One thing remains the same: regardless of how much money the government invests, the bailout plan still allows bankers to be in charge of bank policies, for better or, as we have seen recently, for worse. It's not socialism that we're getting or socialism that we have to fear, but unregulated capitalism. Capitalism got us into this mess, and we are counting on government-backed capitalism to get us out of it.
This piece was distributed for non-exclusive use by the History News Service, an informal syndicate of professional historians who seek to improve the public's understanding of current events by setting these events in their historical contexts. The article may be republished as long as both the author and the History News Service are clearly credited.
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Lawrence Brooks Hughes - 11/8/2008
The millions of bad mortgage loans which pitched the U.S. into its current credit crisis were not caused by a "relaxation of government oversight," as you put it. They were caused by the deliberate demand from the government that banks make bad loans, which might better be explained by calling them "affirmative action loans." For good measure, the Government put a de facto guarantee behind the bad paper via Fanny and Freddy. Lenders found this so profitable they were soon making loans of the same poor quality to many who were not poor and black, and who were buying very expensive houses. While it was Barney Frank and other Democrats who started the whole mess, it got much worse because some Republicans, including George W. Bush, were afraid of being charged with racism if they demanded the leniency be ended. I can well remember Bush's prideful claim of "greatly increasing black home ownership" during the 2004 campaign... It won't clear up soon under President Obama, either, since his far left philosophy insures a long delay before any confidence returns to private investors.
Arnold Shcherban - 11/6/2008
Many articles of the US Constitution have become obsolete decades ago.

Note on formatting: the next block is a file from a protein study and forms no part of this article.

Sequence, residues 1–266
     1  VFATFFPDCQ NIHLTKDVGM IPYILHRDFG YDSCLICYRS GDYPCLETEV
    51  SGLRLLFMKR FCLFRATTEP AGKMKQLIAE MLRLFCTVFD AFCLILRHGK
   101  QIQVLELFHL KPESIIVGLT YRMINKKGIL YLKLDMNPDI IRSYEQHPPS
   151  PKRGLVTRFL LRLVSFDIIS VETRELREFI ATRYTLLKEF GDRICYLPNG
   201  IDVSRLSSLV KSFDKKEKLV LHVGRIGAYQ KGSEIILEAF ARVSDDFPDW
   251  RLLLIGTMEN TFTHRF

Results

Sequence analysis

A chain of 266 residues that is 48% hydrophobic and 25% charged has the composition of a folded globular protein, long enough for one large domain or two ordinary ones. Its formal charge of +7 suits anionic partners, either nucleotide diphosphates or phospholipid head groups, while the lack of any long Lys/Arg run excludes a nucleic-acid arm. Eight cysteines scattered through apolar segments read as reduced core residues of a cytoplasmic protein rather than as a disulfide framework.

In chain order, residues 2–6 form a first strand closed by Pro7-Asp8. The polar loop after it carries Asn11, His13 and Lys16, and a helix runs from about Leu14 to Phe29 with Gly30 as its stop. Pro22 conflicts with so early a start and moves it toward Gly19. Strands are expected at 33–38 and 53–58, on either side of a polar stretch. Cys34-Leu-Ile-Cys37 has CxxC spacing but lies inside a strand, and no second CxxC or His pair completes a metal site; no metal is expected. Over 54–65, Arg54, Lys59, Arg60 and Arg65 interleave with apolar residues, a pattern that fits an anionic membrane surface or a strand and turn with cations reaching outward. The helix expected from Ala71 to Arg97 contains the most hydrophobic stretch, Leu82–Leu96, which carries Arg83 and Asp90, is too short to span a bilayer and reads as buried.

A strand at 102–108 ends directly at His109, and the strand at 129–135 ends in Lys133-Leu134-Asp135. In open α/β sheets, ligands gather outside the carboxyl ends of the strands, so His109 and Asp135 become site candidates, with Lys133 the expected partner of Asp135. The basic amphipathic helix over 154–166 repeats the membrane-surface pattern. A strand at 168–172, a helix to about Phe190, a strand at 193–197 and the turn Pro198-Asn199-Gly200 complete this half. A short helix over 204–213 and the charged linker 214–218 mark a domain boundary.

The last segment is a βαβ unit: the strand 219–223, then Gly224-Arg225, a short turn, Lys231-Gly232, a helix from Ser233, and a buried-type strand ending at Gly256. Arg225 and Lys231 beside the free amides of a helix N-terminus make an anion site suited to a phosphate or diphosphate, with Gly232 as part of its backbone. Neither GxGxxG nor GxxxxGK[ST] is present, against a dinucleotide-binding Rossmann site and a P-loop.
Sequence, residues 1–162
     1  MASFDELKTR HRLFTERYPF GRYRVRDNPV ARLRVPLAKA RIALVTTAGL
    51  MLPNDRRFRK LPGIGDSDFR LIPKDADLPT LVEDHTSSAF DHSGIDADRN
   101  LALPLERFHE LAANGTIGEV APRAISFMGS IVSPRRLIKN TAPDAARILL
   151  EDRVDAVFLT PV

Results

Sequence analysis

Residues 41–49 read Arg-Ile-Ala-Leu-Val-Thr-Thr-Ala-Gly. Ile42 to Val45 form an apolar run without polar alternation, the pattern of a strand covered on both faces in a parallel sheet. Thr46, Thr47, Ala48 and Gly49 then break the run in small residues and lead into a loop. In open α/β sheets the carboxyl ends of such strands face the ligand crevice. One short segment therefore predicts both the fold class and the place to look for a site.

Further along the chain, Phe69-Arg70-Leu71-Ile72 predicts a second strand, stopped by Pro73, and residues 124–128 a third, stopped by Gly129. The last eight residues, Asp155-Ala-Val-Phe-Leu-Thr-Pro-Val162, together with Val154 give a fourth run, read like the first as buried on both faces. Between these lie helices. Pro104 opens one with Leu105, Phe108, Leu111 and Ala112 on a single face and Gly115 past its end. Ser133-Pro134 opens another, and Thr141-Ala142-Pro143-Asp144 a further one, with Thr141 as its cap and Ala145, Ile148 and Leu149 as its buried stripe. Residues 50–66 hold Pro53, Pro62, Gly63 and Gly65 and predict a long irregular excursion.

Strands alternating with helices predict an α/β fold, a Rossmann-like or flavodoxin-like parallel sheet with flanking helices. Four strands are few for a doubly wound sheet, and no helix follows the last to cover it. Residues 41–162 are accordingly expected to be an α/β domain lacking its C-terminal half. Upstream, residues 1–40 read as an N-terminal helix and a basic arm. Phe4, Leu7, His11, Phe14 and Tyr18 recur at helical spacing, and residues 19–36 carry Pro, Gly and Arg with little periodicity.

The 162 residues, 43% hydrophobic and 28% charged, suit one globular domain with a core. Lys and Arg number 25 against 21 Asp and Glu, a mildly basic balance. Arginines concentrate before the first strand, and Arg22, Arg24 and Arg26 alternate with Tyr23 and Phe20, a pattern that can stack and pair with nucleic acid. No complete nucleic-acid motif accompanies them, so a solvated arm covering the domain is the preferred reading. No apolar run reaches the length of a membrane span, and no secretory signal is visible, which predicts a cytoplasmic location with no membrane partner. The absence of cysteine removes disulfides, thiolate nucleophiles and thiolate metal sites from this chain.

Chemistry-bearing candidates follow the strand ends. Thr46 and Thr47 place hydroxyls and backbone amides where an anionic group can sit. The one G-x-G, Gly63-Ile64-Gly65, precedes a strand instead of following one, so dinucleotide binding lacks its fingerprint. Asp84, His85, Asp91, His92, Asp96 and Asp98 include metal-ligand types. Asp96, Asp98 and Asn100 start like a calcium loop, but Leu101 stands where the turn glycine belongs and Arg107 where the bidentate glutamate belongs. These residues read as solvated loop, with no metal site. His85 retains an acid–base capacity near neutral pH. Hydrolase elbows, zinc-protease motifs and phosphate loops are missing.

It is abnormal and outright stupid for any nation to cling
to its Main Law written centures ago, ignoring the tremendous intra and extra societal and individual changes occurred since then.
Thomas Fitzgerald - 11/5/2008
I too think the bailout is unconstitutional, but so is a majority of the federal government. That being said, what the bailout really made clear is that our elected representatives do not represent us the people. Too bad we keep re-electing them.
Robert Lee Gaston - 11/4/2008
Not so much socialism as a huge waste of money. What are the banks using the money for? One, buying other banks. Two, feathering bonus pools. Some more members of congress must have gotten great home improvement loans.
Arnold Shcherban - 11/4/2008
Actually current bailout is a "socialism" and "redistribution of wealth" of a nation, though only in the up direction on the wealth scale.
Web Smith - 11/3/2008
There is nothing in the Constitution to prevent states from owning all of portions of banks. Since this power is not mentioned in the articles, the 10th Amendment prevents the federal government from owning all or portions of banks.
Regardless of the law that is being ignored, what was illegally voted on was a bank bailout or bank rescue bill. The idea that this has turned into financing healthy banks as they buy out failing banks' assets for pennies on the dollar smacks of fraud and should land some people in federal prison.
The government's state of denial that a Constitution exists has become psychopathic. They have run up a $12 trillion debt for things that they mostly are not supposed to be doing. They have allowed our military to be illegally used to transfer wealth. They have allowed our rights and liberties to be stripped. They have allowed an army of 12 million illegal aliens to invade the country and now want to give them amnesty. They have wrapped the hands of foreign oil around our throats. They have shipped our jobs offshore and given them away to cheap foreign workers. They grow bigger while saying that they want to grow smaller. They have raised our taxes while saying that they want to reduce them. They have caused the future of every child born in the world to become harder and more uncertain. They have protected bankers while they strip us of our wealth. They deny who they work for.